A newspaper interview with Chris Morris is rare, but a televised interview is even more so. Perhaps surprisingly, he seems to be playing the promotional game ahead of the release of new film The Day Shall Come, speaking to Channel 4's Jon Snow last week.
In the course of their conversation, Morris outlined his guiding philosophy: "I don't really see the point of comedy unless there's something underpinning it - I mean, what are you doing? Are you doing some sort of exotic display for the court, to be patted on the head by the court, or are you trying to change something?"
The current problem, as he sees it, is that "we've got used to a kind of satire that essentially placates the court. You do a nice dissection of the way things are in the orthodox elite and lo and behold you get slapped on the back by the orthodox elite." (Personally speaking, these comments had me looking pointedly at the likes of The Mash Report and Have I Got News For You? - the latter having been at least partially responsible for showing Boris Johnson in a good light.) What's needed, he feels, is "something with a bit more clout".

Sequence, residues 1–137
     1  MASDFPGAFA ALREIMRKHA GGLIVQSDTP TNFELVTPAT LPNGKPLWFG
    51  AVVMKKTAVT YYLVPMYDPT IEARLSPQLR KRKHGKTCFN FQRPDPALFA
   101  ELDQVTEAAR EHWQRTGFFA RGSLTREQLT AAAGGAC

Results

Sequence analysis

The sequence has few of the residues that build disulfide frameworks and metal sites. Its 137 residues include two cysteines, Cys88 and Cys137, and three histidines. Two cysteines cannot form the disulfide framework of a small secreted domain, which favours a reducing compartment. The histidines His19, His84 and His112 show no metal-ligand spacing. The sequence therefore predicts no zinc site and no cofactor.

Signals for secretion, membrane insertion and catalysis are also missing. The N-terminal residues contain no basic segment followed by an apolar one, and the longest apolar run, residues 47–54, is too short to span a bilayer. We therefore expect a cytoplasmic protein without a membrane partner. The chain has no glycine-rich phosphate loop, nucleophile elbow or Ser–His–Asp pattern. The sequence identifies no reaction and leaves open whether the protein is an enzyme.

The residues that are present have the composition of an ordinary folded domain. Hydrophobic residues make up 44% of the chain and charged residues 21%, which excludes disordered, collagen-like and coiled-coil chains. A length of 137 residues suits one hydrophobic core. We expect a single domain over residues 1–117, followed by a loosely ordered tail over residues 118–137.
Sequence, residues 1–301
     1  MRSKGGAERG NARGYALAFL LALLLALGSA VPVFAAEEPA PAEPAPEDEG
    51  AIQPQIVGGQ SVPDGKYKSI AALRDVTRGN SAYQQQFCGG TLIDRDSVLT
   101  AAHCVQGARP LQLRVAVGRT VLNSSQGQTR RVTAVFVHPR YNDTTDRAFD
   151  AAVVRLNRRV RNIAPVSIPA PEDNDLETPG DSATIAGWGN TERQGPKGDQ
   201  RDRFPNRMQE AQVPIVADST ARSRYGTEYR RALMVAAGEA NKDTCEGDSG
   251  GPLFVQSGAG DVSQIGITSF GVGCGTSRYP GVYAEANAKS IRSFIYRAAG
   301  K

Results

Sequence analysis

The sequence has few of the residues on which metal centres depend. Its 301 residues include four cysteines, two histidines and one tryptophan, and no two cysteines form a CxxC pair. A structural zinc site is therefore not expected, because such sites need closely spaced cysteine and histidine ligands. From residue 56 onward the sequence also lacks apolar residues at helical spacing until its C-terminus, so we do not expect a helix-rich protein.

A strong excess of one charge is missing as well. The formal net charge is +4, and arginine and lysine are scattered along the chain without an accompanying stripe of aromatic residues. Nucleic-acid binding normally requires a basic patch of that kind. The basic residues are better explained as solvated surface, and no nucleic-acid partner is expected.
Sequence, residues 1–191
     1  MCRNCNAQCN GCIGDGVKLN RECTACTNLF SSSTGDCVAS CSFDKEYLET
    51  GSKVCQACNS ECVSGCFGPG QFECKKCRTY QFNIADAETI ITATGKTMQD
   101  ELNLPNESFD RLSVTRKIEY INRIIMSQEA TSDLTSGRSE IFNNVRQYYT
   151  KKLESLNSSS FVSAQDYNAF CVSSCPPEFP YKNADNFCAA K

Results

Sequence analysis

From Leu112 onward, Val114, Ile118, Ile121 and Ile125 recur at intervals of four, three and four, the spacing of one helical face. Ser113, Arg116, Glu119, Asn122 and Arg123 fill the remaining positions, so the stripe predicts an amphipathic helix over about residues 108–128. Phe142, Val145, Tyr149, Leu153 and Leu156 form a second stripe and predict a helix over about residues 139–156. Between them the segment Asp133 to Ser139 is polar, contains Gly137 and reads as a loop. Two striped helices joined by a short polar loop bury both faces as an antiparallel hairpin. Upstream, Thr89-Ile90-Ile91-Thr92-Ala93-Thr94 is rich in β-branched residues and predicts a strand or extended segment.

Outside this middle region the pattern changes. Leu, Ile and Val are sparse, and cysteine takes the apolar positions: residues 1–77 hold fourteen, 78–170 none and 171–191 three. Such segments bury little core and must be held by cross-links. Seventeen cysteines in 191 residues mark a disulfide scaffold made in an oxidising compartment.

Snow asked Morris the question that I've regularly been asking myself over the last few years: is satire dead, having been overtaken by the farcical nature of current events? The interviewer, quite understandably, pointed to Donald Trump by way of illustration: "He's doing things that even you might not have dreamt that an American president could do." Morris, however, refused to buy that idea, insisting instead that satire is less about imagination and more about looking at what is actually happening and then zeroing in on what makes it so ridiculous.
Asked what he plans to do next, Morris revealed that he has "a long-standing interest in the coup in Iran in 1953" and is still trying to get his head around it all - but that he "may just put a lot of effort into a tweet" instead...